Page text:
Ultimately, Langston Hughes’ poem Daybreak in Alabama is a plea in behalf of all persons and not just African-Americans. It is a vision of an Eden like re-creation where, as the Bible says in the Book of Revelation, the Divine One will wipe away every tear, every lament and every sense of pain. The poem evokes a day when, as the Bible also symbolically says, lions will lie down with lambs. Traditional enemies will find love for one another. Bigotry, for Hughes, attacks the kind of spiritual peace that exists when kind fingers symbolically touch everybody and everything. Indeed, Hughes seeks fulfillment not just of dreams for heaven on earth but also for the American dream yet to be a complete reality. In this regard, Hughes is a champion for all persons marginalized by a predominant power structure. He wrote in one of his poems,
Let America be America again.
Let it be the dream it used to be.
I am the poor white, – fooled and pushed apart,
I am the Negro bearing slavery’s scars.
I am the red man driven from the land,
I am the immigrant clutching the hope I seek—
And finding only the same old stupid plan
Of dog eat dog, of mighty crush the weak.
O, let America be America again—
The land that never has been yet—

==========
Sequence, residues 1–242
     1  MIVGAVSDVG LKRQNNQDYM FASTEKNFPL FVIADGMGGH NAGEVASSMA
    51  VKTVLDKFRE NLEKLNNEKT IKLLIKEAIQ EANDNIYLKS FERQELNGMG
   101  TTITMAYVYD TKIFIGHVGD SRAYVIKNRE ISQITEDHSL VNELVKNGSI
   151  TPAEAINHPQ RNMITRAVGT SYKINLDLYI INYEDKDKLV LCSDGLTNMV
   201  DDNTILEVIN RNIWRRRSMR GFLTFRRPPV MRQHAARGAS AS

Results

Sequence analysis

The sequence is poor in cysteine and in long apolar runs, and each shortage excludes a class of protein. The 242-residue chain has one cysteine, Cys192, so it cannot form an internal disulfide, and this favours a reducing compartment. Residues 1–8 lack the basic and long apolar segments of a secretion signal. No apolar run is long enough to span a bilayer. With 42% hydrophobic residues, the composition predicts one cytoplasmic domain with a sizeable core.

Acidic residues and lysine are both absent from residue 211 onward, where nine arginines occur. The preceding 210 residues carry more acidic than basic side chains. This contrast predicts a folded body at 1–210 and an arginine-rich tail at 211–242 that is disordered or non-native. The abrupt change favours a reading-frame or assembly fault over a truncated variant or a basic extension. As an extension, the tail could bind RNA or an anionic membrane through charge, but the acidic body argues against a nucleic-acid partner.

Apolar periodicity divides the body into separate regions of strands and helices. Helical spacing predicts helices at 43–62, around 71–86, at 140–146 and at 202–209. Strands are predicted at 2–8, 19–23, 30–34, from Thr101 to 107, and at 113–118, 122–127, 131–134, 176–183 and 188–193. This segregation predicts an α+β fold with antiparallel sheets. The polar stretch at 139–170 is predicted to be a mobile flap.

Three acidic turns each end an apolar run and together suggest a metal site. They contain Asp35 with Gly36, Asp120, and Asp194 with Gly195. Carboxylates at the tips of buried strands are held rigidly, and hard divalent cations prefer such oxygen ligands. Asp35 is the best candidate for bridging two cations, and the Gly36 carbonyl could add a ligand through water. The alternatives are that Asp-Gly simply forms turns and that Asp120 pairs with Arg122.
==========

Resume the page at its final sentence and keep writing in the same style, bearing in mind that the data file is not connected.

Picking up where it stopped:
And yet must be—the land where every man is free.
For each of us, the poetry of Langston Hughes still resonates today. It is far too simple to claim prejudice exists out there – and not in here. Human nature causes each one of us to view the world through personal prisms of either fear……. or understanding and love. Even as we claim to be people who love one another, how often do we act instead with fear of the other – fear of our own shortcomings, fear based in stereotypes and misperceptions, fear rooted in false assumptions? If I claim I lack fear, I lie to myself. Our goal, as Hughes so evocatively wrote, is to seek perfection – to invoke the Sankofa bird of reconciliation and forgiveness. For him, that goal is found in a utopia of red clay soil, pine trees, and a dew blessed Alabama where the Divine composer conducts a symphony of humanity in perfect love with itself. May we each seek the same…within ourselves and in our world.
I wish you all, my dear friends, much love and much peace.
As always, I open up our time up today for your thoughts and comments. Of particular interest to me is not so much a discussion of how terrible racism is. I am interested, instead, on how subtle forms of racism might insidiously lie within us. How do we conquer our own fears and our own prejudices?